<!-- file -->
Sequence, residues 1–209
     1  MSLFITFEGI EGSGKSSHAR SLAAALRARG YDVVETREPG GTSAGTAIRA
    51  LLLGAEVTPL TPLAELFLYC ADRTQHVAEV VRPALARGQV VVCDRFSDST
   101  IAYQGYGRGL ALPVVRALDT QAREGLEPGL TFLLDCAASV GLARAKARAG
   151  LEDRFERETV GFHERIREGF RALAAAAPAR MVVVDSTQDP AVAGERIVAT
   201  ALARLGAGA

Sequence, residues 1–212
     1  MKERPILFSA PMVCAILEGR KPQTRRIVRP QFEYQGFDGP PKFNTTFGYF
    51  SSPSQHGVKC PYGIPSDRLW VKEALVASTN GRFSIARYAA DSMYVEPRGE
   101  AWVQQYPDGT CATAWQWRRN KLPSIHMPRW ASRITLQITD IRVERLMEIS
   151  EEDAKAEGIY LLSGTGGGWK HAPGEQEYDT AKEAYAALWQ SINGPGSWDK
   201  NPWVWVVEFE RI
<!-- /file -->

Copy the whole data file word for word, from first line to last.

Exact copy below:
Sequence, residues 1–209
     1  MSLFITFEGI EGSGKSSHAR SLAAALRARG YDVVETREPG GTSAGTAIRA
    51  LLLGAEVTPL TPLAELFLYC ADRTQHVAEV VRPALARGQV VVCDRFSDST
   101  IAYQGYGRGL ALPVVRALDT QAREGLEPGL TFLLDCAASV GLARAKARAG
   151  LEDRFERETV GFHERIREGF RALAAAAPAR MVVVDSTQDP AVAGERIVAT
   201  ALARLGAGA

Sequence, residues 1–212
     1  MKERPILFSA PMVCAILEGR KPQTRRIVRP QFEYQGFDGP PKFNTTFGYF
    51  SSPSQHGVKC PYGIPSDRLW VKEALVASTN GRFSIARYAA DSMYVEPRGE
   101  AWVQQYPDGT CATAWQWRRN KLPSIHMPRW ASRITLQITD IRVERLMEIS
   151  EEDAKAEGIY LLSGTGGGWK HAPGEQEYDT AKEAYAALWQ SINGPGSWDK
   201  NPWVWVVEFE RI